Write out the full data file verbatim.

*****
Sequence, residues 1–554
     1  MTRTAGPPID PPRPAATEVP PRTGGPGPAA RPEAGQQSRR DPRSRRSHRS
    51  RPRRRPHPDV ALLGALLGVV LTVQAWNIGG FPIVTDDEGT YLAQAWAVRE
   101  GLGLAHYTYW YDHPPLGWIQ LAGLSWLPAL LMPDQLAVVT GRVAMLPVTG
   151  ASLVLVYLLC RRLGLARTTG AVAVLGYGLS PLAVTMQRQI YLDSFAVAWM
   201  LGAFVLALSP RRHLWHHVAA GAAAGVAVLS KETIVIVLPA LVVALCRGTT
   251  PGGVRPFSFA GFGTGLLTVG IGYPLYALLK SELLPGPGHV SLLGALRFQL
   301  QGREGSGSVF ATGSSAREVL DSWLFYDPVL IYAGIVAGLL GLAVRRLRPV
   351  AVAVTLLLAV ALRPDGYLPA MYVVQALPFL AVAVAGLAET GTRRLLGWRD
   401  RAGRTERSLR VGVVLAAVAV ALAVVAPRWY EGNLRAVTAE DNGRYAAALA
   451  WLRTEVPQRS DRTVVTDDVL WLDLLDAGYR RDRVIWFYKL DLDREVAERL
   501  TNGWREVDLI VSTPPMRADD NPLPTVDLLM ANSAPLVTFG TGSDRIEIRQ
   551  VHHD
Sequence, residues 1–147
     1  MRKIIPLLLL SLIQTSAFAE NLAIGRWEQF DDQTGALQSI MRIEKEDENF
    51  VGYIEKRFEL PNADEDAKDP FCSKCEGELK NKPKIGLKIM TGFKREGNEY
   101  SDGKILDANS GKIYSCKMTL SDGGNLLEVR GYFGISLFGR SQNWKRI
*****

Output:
Sequence, residues 1–554
     1  MTRTAGPPID PPRPAATEVP PRTGGPGPAA RPEAGQQSRR DPRSRRSHRS
    51  RPRRRPHPDV ALLGALLGVV LTVQAWNIGG FPIVTDDEGT YLAQAWAVRE
   101  GLGLAHYTYW YDHPPLGWIQ LAGLSWLPAL LMPDQLAVVT GRVAMLPVTG
   151  ASLVLVYLLC RRLGLARTTG AVAVLGYGLS PLAVTMQRQI YLDSFAVAWM
   201  LGAFVLALSP RRHLWHHVAA GAAAGVAVLS KETIVIVLPA LVVALCRGTT
   251  PGGVRPFSFA GFGTGLLTVG IGYPLYALLK SELLPGPGHV SLLGALRFQL
   301  QGREGSGSVF ATGSSAREVL DSWLFYDPVL IYAGIVAGLL GLAVRRLRPV
   351  AVAVTLLLAV ALRPDGYLPA MYVVQALPFL AVAVAGLAET GTRRLLGWRD
   401  RAGRTERSLR VGVVLAAVAV ALAVVAPRWY EGNLRAVTAE DNGRYAAALA
   451  WLRTEVPQRS DRTVVTDDVL WLDLLDAGYR RDRVIWFYKL DLDREVAERL
   501  TNGWREVDLI VSTPPMRADD NPLPTVDLLM ANSAPLVTFG TGSDRIEIRQ
   551  VHHD
Sequence, residues 1–147
     1  MRKIIPLLLL SLIQTSAFAE NLAIGRWEQF DDQTGALQSI MRIEKEDENF
    51  VGYIEKRFEL PNADEDAKDP FCSKCEGELK NKPKIGLKIM TGFKREGNEY
   101  SDGKILDANS GKIYSCKMTL SDGGNLLEVR GYFGISLFGR SQNWKRI